V. Craig Jordan, PhD, to Join MD Anderson Cancer Center

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V. Craig Jordan, PhD

The University of Texas MD Anderson Cancer Center has announced that V. Craig Jordan, PhD, will join the institution in October 2014 as a Professor in Breast Medical Oncology and Molecular and Cellular Oncology. Dr. Jordan will focus on the new biology of estrogen-induced cell death with the goal of developing translational approaches for treating and preventing cancer.

“This is an exciting moment and I’m delighted that Dr. Jordan will be contributing to significant translational research activities in breast cancer here at MD Anderson,” said Ron DePinho, MD, President of MD Anderson. “His international reputation as a trailblazer in translational research and his many achievements and honors are well deserved. As we progress in our mission of ending cancer in Texas, the nation and the world, it is outstanding scientists like Dr. Jordan who will play key roles in delivering on that promise.”

Long and Distinguished Career

Dr. Jordan’s career has included leadership positions at several prestigious biomedical institutions. Currently, he is Scientific Director of the Lombardi Comprehensive Cancer Center at Georgetown University in Washington D.C., and the Vincent T. Lombardi Chair of Translational Cancer Research. He also serves as Vice Chairman of the Department of Oncology and Professor of Oncology and Pharmacology at Georgetown University’s Medical School. In addition, he is a Visiting Professor of Molecular Medicine at the University of Leeds in England, and an Adjunct Professor of Molecular Pharmacology and Biological Chemistry at Northwestern University in Chicago.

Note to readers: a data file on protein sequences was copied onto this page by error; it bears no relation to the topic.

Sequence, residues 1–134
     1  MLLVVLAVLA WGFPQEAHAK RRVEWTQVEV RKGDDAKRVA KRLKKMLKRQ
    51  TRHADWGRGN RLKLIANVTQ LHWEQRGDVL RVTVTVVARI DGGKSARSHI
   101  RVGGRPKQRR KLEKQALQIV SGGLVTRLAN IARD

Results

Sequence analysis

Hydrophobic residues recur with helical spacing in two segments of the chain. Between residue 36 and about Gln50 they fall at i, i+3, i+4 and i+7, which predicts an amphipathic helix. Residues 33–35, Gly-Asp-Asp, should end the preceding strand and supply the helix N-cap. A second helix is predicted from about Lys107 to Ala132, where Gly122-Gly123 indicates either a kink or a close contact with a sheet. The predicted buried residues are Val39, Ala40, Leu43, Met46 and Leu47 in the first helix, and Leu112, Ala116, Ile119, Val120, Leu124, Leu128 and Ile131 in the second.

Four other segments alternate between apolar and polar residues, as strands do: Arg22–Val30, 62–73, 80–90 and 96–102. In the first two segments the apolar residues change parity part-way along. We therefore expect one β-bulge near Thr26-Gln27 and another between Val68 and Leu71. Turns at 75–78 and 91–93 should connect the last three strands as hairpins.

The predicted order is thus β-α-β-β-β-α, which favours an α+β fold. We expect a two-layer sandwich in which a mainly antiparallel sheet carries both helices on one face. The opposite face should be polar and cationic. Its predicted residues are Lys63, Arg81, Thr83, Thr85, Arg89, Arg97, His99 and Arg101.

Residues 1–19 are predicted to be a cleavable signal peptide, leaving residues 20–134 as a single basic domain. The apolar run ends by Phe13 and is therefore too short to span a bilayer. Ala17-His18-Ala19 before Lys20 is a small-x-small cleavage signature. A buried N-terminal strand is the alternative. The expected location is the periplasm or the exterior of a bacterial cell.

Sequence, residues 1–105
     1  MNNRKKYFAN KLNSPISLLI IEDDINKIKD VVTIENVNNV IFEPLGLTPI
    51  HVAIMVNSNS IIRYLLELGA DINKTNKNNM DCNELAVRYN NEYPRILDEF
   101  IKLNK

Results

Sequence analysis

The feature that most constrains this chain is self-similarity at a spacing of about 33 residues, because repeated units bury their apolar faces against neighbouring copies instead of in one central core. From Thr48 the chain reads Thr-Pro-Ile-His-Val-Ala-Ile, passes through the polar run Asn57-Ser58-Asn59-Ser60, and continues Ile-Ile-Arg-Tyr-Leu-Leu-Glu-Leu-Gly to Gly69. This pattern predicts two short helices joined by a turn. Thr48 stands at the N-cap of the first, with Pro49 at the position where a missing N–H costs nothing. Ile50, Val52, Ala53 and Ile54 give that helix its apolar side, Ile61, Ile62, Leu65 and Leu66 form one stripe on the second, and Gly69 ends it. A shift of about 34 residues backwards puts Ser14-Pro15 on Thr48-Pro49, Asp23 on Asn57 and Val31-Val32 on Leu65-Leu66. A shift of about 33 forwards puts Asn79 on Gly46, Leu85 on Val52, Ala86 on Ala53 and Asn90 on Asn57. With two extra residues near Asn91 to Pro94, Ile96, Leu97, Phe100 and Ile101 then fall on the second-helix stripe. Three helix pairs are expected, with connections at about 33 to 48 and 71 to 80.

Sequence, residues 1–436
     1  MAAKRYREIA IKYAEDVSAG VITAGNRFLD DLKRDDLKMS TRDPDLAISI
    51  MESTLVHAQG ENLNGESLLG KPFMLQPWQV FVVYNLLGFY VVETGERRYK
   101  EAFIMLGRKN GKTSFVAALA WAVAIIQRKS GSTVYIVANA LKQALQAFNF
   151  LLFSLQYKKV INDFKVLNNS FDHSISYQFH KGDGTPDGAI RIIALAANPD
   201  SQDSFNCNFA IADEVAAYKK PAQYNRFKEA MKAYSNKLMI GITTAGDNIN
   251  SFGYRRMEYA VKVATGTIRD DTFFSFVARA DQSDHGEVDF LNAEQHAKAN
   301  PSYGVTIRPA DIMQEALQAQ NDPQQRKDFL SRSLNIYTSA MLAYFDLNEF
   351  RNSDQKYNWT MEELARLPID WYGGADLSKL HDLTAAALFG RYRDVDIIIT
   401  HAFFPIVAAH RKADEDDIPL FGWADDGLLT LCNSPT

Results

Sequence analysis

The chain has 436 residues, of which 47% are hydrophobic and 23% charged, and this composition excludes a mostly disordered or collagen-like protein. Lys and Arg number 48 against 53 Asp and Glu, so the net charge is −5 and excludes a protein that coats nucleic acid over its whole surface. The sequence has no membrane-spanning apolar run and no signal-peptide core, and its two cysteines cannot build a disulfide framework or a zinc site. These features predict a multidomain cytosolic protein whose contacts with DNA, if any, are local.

“Dr. Jordan’s election as a member of the National Academy of Sciences in 2009 is just one of the many honors he’s received as a result of his incredible contributions to our understanding of cancer biology,” said Ethan Dmitrovsky, MD, MD Anderson Provost and Executive Vice President.

In addition to his National Academy membership, Dr. Jordan’s list of achievements, awards, and accomplishments is long and features more than four-dozen international awards, including The St. Gallen Prize for Breast Cancer (2011) and The David A. Karnofsky Award from the American Society of Clinical Oncology (2008), among others.

Prolific Author

Dr. Jordan has contributed to more than 700 publications, 99% of which pertain to cancer research. He has edited 11 books and has more than 26,000 scientific citations. He’s author of the book “Tamoxifen, Pioneering Medicine in Breast Cancer.”

Dr. Jordan, who was born in New Braunfels, Texas and raised in England, has dual British and U.S. citizenship. In 2002, he received the Order of the British Empire from Queen Elizabeth II for services to international breast cancer research. He earned a PhD and DSc degree from the University of Leeds and in 2001 received an honorary MD degree from his alma mater.

“I am proud to join MD Anderson Cancer Center,” said Dr. Jordan. “It is indeed an honor to continue my work at this world renowned cancer center where I look forward to working with my distinguished colleagues.”

‘Father of Tamoxifen’

Dr. Jordan, deemed the “Father of Tamoxifen,” is credited with reinventing a failed contraceptive (known as ICI 46,474) as a breast cancer treatment. The drug, in existence since the 1960s, was originally created to block estrogen in the hopes of preventing pregnancy. Dr. Jordan developed the strategy of long-term adjuvant tamoxifen therapy, as well as describing and deciphering the properties of a new group of medicines called selective estrogen receptor modulators (SERMs). He was the first to discover the preventive abilities of both tamoxifen and the drug raloxifene. The medicines were approved by the Food and Drug Administration for reducing breast cancer incidence in high-risk women.

Prior to joining Georgetown University, Dr. Jordan served on the faculties at Northwestern University Medical School, the University of Wisconsin School of Medicine, Madison, the Ludwig Institute for Cancer Research at the University of Berne, Switzerland, and the University of Leeds, England. ■